The supported metal oxide catalysts are preferably prepared by impregnating metal salts in water or organic solvents onto the support. Any suitable organic solvent known to the art may be used, for example, ethanol, methanol, or acetic acid. The solid catalyst precursor is then dried and calcined at 200 to 900° C. by air or other oxygen-containing gas. Thereafter the catalyst is reduced by any of several various and well known reducing agents such as, for example, CO, H2, NH3, H2 S, CS2, CH3 SCH3, CH3 SSCH3, metal alkyl containing compounds such as R3 Al, R3 B,R2 Mg, RLi, R2 Zn, where R is alkyl, alkoxy, aryl and the like. Preferred are CO or H2 or metal alkyl containing compounds. Alternatively, the Group VIB metal may be applied to the substrate in reduced form, such as CrII compounds. The resultant catalyst is very active for oligomerizing olefins at a temperature range from below room temperature to about 250° C. at a pressure of 0.1 atmosphere to 5000 psi. Contact time of both the olefin and the catalyst can vary from one second to 24 hours. The catalyst can be used in a batch type reactor or in a fixed bed, continuous-flow reactor.
In general the support material may be added to a solution of the metal compounds, e.g., acetates or nitrates, etc., and the mixture is then mixed and dried at room temperature. The dry solid gel is purged at successively higher temperatures to about 600° for a period of about 16 to 20 hours. Thereafter the catalyst is cooled down under an inert atmosphere to a temperature of about 250 to 450° C. and a stream of pure reducing agent is contacted therewith for a period when enough CO has passed through to reduce the catalyst as indicated by a distinct color change from bright orange to pale blue. Typically, the catalyst is treated with an amount of CO equivalent to a two-fold stoichiometric excess to reduce the catalyst to a lower valence CrII state. Finally the catalyst is cooled down to room temperature and is ready for use.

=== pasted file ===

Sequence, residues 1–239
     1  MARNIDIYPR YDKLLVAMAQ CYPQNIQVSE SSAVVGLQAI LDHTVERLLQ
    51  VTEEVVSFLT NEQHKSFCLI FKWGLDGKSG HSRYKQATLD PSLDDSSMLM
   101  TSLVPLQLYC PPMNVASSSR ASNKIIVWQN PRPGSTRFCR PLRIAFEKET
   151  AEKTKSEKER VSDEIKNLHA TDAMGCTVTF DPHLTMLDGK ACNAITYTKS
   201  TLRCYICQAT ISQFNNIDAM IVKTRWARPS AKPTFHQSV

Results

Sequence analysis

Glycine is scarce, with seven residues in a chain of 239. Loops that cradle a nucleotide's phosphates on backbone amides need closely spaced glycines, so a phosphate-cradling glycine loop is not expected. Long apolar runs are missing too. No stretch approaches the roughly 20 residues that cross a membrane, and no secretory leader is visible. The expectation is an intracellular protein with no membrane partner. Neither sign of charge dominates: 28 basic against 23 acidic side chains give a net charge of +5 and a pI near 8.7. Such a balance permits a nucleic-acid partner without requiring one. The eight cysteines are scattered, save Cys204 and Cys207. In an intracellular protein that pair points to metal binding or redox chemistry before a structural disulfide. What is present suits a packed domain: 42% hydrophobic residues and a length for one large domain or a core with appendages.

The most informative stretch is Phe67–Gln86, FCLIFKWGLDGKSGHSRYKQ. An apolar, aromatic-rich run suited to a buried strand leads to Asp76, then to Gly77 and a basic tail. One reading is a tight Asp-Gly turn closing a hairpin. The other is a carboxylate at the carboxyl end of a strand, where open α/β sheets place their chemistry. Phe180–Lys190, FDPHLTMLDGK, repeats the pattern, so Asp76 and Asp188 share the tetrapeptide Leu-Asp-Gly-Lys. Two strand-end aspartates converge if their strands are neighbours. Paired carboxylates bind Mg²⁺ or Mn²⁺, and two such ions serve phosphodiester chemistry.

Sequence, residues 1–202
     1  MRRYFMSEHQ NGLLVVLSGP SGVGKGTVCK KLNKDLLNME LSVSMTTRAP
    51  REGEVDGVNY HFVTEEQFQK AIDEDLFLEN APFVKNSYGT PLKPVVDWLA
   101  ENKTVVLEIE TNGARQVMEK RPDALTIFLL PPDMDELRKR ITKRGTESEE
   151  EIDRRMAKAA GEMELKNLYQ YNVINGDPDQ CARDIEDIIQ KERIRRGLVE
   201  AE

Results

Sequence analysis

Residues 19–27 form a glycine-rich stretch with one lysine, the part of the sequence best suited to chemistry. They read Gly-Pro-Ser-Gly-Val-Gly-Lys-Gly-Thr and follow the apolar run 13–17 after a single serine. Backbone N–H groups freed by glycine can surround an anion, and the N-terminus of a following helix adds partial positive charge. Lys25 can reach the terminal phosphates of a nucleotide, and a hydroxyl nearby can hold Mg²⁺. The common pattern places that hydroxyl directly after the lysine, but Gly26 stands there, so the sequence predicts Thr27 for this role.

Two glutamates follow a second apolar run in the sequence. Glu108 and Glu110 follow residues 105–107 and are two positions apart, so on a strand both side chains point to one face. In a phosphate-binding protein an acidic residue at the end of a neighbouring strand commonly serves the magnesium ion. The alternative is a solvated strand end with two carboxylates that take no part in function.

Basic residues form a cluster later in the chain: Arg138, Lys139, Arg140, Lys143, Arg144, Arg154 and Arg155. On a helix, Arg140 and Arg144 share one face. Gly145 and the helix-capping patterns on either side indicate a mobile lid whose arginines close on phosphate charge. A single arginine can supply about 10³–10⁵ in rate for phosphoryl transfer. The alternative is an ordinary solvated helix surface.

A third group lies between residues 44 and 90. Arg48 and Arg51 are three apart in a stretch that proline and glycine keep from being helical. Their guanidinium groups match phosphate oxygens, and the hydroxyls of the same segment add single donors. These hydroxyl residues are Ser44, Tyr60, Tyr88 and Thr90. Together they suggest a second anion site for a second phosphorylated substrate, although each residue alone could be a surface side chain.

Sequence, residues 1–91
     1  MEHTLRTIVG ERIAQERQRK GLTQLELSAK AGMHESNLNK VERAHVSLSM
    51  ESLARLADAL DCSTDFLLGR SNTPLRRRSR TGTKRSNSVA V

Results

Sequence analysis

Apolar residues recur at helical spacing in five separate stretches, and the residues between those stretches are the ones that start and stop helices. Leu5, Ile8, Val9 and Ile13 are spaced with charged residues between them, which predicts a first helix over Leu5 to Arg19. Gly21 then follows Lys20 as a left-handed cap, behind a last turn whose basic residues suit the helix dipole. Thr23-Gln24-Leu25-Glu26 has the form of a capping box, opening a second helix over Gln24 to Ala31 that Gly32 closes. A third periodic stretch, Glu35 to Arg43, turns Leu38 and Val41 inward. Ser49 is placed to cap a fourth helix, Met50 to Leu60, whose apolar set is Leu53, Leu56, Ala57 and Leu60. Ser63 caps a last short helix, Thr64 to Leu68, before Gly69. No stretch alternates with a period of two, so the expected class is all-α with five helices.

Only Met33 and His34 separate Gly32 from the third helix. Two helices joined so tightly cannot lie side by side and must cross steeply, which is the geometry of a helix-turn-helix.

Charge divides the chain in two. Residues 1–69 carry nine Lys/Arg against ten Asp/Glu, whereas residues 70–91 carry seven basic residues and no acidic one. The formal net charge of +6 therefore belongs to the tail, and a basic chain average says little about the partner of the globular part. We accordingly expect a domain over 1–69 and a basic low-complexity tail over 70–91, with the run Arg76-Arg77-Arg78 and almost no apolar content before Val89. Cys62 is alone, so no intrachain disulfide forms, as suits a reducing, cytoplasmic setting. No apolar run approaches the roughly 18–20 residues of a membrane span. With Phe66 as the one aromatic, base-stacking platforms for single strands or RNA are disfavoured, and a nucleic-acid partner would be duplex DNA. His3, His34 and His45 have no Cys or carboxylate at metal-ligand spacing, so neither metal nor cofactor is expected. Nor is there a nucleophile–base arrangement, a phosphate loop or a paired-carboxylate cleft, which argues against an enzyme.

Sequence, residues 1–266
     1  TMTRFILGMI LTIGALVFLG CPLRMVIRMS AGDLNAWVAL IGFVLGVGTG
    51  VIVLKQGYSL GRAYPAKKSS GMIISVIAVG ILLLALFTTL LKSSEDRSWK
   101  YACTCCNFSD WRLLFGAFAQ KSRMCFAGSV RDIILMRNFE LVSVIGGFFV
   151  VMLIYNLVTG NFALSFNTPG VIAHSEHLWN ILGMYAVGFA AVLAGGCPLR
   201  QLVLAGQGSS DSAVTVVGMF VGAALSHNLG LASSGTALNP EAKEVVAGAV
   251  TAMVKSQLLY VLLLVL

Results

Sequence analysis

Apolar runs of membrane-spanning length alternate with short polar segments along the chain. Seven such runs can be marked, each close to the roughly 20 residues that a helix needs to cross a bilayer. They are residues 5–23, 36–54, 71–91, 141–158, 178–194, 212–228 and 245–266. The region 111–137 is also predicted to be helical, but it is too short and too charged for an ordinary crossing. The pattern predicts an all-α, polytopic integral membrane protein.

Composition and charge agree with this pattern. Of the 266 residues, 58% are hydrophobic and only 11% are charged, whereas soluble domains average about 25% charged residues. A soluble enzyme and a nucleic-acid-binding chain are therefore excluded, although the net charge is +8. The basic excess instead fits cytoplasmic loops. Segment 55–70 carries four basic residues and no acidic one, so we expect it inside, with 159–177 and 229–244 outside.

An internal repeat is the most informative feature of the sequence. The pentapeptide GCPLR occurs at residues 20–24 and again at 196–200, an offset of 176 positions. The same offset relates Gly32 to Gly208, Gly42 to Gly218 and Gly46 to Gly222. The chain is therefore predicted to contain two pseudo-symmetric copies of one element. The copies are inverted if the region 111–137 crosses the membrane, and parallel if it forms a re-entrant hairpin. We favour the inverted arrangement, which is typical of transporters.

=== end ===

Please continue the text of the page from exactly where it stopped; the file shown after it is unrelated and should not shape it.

The product oligomers have a very wide range of viscosities with high viscosity indices suitable for high performance lubrication use. The product oligomers also have atactic molecular structure of mostly uniform head-to-tail connections with some head-to-head type connections in the structure. These low branch ratio oligomers have high viscosity indices at least about 15 to 20 units and typically 30-40 units higher than equivalent viscosity prior art oligomers, which regularly have higher branch ratios and correspondingly lower viscosity indices. These low branch oligomers maintain better or comparable pour points.
The branch ratios defined as the ratios of CH3 groups to CH2 groups in the lube oil are calculated from the weight fractions of methyl groups obtained by infrared methods, published in Analytical Chemistry. Vol. 25, No. 10, p. 1466 (1953). ##EQU1##